Born on May 11, 1891, in New York, into a prominent Jewish family, Henry Morgenthau Jr. studied architecture and agriculture at Cornell University. Around that same time, during WWI, his father, Sr., served as President Woodrow Wilson’s ambassador to the Ottoman Empire. In Constantinople, Sr. learned about the atrocities the empire was committing against the Armenian Christians - over one million murdered - and helped create the Near East Foundation, a private NGO to work with the US government to raise money and provide relief to survivors.
Meanwhile, Henry Jr. operated their farm, Fishkill Farms, which was near the Franklin and Eleanor Roosevelt Hyde Park estate in upstate New York. They specialized in growing Christmas trees. Jr. was concerned about distress among farmers, and in 1922 he took over American Agriculturalist magazine, using it as a platform to upgrade agriculture, and to advocate for conservation, scientific farming, and reclamation. (One in four families were farming at that time.) Meanwhile, he helped his friend Franklin campaign for governor of New York. Once in that office, Roosevelt appointed Morgenthau state conservation commissioner and also chair of the governor’s agricultural advisory committee.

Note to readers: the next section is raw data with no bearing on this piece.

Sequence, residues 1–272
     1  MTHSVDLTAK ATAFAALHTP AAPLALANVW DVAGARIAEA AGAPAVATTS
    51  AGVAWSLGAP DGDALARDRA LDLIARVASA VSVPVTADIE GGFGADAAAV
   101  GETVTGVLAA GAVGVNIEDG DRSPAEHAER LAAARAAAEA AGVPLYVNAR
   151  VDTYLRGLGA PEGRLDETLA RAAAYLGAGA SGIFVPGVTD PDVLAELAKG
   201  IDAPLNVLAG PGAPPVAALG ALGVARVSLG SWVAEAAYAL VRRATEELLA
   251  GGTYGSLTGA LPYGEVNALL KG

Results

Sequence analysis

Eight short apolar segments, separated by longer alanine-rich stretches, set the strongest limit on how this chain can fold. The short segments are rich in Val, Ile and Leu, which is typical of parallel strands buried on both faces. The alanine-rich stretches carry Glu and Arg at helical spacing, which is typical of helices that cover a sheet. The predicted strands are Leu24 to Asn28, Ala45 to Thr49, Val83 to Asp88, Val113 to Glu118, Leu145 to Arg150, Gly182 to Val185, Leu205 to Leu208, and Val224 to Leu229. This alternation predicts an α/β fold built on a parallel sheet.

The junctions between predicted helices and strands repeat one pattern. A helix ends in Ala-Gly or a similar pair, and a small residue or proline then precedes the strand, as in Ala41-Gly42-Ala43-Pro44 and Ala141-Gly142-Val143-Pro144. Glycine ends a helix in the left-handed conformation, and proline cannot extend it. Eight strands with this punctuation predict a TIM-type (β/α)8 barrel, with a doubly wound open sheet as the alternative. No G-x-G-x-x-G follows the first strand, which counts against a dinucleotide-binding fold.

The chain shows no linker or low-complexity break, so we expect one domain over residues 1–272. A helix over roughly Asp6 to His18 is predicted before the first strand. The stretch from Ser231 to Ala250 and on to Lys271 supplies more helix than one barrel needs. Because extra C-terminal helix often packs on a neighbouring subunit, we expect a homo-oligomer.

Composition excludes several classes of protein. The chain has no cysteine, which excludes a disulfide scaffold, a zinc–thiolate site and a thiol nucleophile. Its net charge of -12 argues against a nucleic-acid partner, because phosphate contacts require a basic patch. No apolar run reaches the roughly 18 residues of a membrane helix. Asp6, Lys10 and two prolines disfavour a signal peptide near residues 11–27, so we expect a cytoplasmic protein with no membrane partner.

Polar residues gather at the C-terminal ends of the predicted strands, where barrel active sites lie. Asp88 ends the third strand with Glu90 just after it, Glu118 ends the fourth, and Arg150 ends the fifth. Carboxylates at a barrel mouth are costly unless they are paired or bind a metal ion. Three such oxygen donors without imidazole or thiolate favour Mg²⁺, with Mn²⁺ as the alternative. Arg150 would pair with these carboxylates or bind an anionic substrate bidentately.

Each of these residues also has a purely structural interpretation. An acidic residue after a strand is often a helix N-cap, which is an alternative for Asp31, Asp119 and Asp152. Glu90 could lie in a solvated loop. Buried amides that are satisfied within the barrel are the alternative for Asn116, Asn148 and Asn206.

When Roosevelt became President of the US in 1932, he appointed Morgenthau chair of the Federal Farm Board. In 1934, when the Secretary of the Treasury passed away, Morgenthau took over. It did not escape the notice of anti-semites that Roosevelt had high-placed Jewish advisors, and Morgenthau laid low on anything that could be associated with “Jewish” interests. We note, sadly, that such restraint saw him not endorsing (though privately expressing concern for) increasing immigration quotas to help European Jews escape. He did support withdrawing our ambassador from Germany after Kristallnacht, and suggested Jewish havens in Africa, South America, and the Virgin Islands.
What Morgenthau did support, though, helped get the US through the war, including prior funding through the Lend-Lease Act of the UK and Russia, and later converting our commercial factories to make military products. As Treasury Secretary, he also oversaw keeping money out of enemy hands, including through American companies’ international associates, seizing billions in assets.
Reflecting what his father had done decades earlier, Morgenthau uncovered unnecessary delay by our State Department in forwarding money from the World Jewish Congress to a Swiss representative, out of professed fear it would fall into Nazi hands. This led to the realization that the US embassy in Switzerland had been instructed to stop transmitting information about the murder of Jews. Morgenthau took action. Ultimately, Roosevelt created the War Refugee Board in 1944. Thereafter, Morgenthau was a staunch ally in relocating survivors.
After Roosevelt’s death, Morgenthau soon resigned from the Treasury. In the 1940s he was elected chair of the United Jewish Appeal. Visiting Israel, he toured a kibbutz where Holocaust survivors lived. They had named their kibbutz Tal Shaḥar, Morning Dew, which is what Morgenthau’s name means. He passed away on 2/6/1967.